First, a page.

The Faces And Families Behind The Growing Athens County Poverty Numbers

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On this fall evening and many like it, Louisa and A.J. Barron watch their kids be kids.

To their two-year-old son Daughtry and five-year-old daughter Dallas, life is simple. But to Louisa and A.J., things aren’t so easy.

“We try and make it look, at least to the kids, that there’s not, you know, a problem because they don’t see it,” Louisa said.

With four to feed, bills to pay, and no income to speak of, Louisa and A.J. make tough choices.

“What do you need more? You know, do you need your butt to stay warm or your feet to stay warm?” Louisa said.

The 23-year-old mother and 17-year-old father are unemployed. Finding work is a challenge for this couple, as neither has a high school diploma. Louisa is seeking her G.E.D and A.J. is finishing high school online.

They receive food stamps and medical coverage from Job and Family Services, and their home is paid by federal assistance. Their only cash comes in the form of child support – just $110 per month. They use this money to pay their bills.

“There’s going to come a day that we’re not going to be able to live off of the child support,” Louisa said, “Um, it’s a scary thought, but nobody has promised tomorrow.”

The Barron family is among thousands of Ohioans who are completely dependent on government assistance. In Athens County, the number of people without an income continues to rise. 

The latest statistics from the Ohio Department of Job and Family Services indicate that 1,873 Job and Family Services clients in Athens County had no income in September of this year. This number is substantially larger than it was five years ago, as 1,362 clients in Athens County did not have an income in September of 2007.

Nick Claussen, the community relations coordinator for the Athens County Department of Job and Family Services, thinks the large number of people living without an income in the county is frightening.

“It’s scary. If you don’t have an income, you might feel like there’s no hope. You might feel – people come in and they feel ashamed. They don’t want to ask for assistance. People don’t want help,” he said.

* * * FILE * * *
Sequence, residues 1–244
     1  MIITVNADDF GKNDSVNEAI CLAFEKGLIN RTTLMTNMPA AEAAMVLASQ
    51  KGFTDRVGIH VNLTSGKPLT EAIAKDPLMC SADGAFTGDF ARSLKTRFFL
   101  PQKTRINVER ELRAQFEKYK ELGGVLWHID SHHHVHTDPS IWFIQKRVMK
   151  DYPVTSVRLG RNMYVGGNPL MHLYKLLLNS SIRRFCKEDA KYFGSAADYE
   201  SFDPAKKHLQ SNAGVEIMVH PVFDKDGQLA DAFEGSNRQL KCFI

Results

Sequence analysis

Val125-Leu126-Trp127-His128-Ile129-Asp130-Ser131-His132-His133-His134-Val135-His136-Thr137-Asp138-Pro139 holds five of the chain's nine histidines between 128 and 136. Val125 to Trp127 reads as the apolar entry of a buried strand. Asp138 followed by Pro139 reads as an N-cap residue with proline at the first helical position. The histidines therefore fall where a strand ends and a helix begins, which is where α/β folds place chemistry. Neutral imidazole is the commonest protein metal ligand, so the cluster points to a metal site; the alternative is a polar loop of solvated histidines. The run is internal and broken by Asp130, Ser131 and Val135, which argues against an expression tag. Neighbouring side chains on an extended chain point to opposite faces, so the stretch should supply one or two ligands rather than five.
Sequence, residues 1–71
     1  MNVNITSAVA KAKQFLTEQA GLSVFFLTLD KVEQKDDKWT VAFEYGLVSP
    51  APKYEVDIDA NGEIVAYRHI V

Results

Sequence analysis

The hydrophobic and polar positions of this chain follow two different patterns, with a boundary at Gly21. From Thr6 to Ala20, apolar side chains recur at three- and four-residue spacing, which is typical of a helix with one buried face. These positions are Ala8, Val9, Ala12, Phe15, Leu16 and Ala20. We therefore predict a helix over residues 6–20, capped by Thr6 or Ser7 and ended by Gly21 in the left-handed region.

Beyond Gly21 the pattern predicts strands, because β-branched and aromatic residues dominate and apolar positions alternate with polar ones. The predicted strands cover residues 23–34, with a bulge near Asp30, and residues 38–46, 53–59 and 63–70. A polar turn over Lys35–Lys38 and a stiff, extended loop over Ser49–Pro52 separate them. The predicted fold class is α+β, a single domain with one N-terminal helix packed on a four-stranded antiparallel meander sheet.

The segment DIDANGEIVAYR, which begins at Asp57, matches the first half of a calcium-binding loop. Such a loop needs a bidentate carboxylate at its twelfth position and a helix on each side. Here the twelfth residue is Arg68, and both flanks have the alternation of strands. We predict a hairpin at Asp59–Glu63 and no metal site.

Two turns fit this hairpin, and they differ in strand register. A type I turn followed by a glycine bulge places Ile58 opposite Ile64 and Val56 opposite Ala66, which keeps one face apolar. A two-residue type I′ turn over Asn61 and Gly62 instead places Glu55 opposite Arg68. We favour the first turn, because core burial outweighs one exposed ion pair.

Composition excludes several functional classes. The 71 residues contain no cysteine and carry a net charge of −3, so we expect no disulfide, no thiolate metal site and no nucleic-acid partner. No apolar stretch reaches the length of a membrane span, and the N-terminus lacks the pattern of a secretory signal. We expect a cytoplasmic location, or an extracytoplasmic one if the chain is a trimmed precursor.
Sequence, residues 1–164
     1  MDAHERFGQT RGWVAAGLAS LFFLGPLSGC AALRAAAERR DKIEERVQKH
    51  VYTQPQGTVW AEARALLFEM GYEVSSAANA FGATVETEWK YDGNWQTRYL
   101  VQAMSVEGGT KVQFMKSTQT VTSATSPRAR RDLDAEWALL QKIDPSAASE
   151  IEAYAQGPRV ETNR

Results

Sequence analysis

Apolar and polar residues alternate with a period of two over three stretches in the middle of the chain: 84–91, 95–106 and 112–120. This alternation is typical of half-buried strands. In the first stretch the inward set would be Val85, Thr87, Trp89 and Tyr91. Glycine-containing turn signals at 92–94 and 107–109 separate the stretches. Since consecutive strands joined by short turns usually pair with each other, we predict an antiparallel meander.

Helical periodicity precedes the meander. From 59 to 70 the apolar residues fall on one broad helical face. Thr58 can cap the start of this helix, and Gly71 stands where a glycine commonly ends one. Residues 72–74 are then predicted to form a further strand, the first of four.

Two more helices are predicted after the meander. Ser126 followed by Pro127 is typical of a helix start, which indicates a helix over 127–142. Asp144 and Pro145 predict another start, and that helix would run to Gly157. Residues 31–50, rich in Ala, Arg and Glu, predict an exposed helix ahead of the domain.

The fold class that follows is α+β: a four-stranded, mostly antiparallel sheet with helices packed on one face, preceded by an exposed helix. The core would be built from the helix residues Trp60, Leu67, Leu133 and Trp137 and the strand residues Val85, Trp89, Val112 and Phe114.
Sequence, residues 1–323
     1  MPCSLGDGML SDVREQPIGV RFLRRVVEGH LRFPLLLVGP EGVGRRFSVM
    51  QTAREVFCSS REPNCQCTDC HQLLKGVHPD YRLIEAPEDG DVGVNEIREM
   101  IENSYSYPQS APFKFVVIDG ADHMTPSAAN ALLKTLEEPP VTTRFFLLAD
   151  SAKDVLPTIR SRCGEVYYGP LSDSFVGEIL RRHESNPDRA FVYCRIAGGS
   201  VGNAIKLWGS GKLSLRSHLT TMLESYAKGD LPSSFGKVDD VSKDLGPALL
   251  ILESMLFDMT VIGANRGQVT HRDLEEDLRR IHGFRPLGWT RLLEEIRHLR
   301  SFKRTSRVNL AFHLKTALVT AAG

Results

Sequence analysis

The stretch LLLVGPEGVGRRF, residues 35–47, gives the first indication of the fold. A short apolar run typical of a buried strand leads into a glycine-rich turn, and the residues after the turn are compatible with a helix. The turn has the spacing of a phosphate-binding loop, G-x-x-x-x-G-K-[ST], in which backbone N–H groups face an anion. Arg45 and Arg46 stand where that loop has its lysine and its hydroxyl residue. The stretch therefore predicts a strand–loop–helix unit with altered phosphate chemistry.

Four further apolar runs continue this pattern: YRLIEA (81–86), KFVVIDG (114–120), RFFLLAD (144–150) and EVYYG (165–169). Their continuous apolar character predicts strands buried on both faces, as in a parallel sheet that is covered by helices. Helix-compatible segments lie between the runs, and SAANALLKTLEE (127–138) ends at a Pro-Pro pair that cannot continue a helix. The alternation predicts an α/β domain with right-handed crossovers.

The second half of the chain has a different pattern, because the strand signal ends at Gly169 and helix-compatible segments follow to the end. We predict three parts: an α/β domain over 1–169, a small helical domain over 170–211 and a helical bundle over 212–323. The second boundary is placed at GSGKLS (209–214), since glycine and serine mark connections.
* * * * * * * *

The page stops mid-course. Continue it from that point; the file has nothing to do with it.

Joshua Moore, a resident of the Plains, is one Job and Family Services client that feels ashamed to receive assistance.

The 26 year old worked for Global Recycling in Columbus until he injured his back in August when a 400 pound piece of steel fell on top of him. He’s now bedridden and in a dispute with workers’ compensation.

Without an income or compensation for his accident, Moore relies on government assistance.

“It kills me to go in and use a food stamp card knowing that I can’t support myself anymore—that I have to rely on somebody else,” he said.

This hard-working man who said he always paid his bills on time and had never been in debt, now sits in it.

“I have never had a debt or a bill hanging over my head. It was always paid the day I got the bill. Now we’re struggling to keep car insurance and keep the electric on and so on,” Moore said.

He said he picks and choose which bills he can pay. His medical bills remain untouched, and he’s at least one to two months behind on most of his payments.

While Moore and many others are uncomfortable with their dependence on assistance, the Barrons say they haven’t lost their pride.

“We’re good parents and a good family. Just make it through everything that we have been through,” A.J. said.

“It’s a growing thing to be on assistance,” Louisa said. “Everybody’s doing it and it sounds like peer pressure but it is. I mean everybody’s doing it.”

Everybody may be doing it, but Claussen said the assistance that Job and Family Services clients receive isn’t much.

“If you’re just living in the system, you’re not going to get by very well. I mean we don’t give you enough money to get by,” he said.

Louisa said she’s mastered the best way to survive on her assistance.

“It can be done. There’s a bunch of people that don’t take their resources and use them all like they should, but there are a bunch of people who take their resources and put them all to good use no matter how little they get,” she said.

She plans weeks in advance before using her food stamps.

“I start my list a couple weeks before we actually go to the store. That way I have some time to look over it. I’m kind of like Santa. I’m making his list and checking it.” Louisa said.

Without the funds to entertain their children outside of the home, Louisa and A.J. find joy in the simple things.

“I think it has definitely made us all a lot closer,” said Louisa. “It just kind of makes me appreciate the small things like being able to watch a movie with them or being down here popping the popcorn that we’re going to put in one of those fake movie theater cups and send them to watch a movie.”

She said their situation has also taught their children a life lesson.

“They like the things that they have, and they also at the same time are learning that you can’t have nice things if you don’t take care of them. You know, your shoes have to last you so don’t use them as brakes on your bicycle,” she said.

While Louisa and A.J. continue to make tough choices, their kids will continue to be kids.